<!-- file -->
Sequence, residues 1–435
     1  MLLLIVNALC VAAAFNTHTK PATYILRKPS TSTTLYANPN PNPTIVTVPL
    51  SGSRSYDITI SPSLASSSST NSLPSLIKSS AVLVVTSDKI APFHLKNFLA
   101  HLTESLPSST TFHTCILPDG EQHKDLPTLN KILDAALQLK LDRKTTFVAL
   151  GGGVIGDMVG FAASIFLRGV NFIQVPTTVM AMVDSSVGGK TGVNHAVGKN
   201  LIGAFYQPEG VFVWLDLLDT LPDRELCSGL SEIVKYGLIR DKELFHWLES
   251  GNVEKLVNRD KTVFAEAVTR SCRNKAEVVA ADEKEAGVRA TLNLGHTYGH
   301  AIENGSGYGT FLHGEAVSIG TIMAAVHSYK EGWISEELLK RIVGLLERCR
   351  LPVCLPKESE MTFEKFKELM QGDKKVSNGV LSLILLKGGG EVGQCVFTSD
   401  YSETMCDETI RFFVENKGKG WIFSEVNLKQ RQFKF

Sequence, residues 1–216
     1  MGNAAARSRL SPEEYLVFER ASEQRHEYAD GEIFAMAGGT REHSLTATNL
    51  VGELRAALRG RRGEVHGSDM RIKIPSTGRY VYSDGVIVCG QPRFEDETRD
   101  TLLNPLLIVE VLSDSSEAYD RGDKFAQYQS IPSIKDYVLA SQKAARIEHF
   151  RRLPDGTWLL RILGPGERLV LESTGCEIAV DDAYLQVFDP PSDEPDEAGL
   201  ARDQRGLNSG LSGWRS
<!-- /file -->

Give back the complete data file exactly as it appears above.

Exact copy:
Sequence, residues 1–435
     1  MLLLIVNALC VAAAFNTHTK PATYILRKPS TSTTLYANPN PNPTIVTVPL
    51  SGSRSYDITI SPSLASSSST NSLPSLIKSS AVLVVTSDKI APFHLKNFLA
   101  HLTESLPSST TFHTCILPDG EQHKDLPTLN KILDAALQLK LDRKTTFVAL
   151  GGGVIGDMVG FAASIFLRGV NFIQVPTTVM AMVDSSVGGK TGVNHAVGKN
   201  LIGAFYQPEG VFVWLDLLDT LPDRELCSGL SEIVKYGLIR DKELFHWLES
   251  GNVEKLVNRD KTVFAEAVTR SCRNKAEVVA ADEKEAGVRA TLNLGHTYGH
   301  AIENGSGYGT FLHGEAVSIG TIMAAVHSYK EGWISEELLK RIVGLLERCR
   351  LPVCLPKESE MTFEKFKELM QGDKKVSNGV LSLILLKGGG EVGQCVFTSD
   401  YSETMCDETI RFFVENKGKG WIFSEVNLKQ RQFKF

Sequence, residues 1–216
     1  MGNAAARSRL SPEEYLVFER ASEQRHEYAD GEIFAMAGGT REHSLTATNL
    51  VGELRAALRG RRGEVHGSDM RIKIPSTGRY VYSDGVIVCG QPRFEDETRD
   101  TLLNPLLIVE VLSDSSEAYD RGDKFAQYQS IPSIKDYVLA SQKAARIEHF
   151  RRLPDGTWLL RILGPGERLV LESTGCEIAV DDAYLQVFDP PSDEPDEAGL
   201  ARDQRGLNSG LSGWRS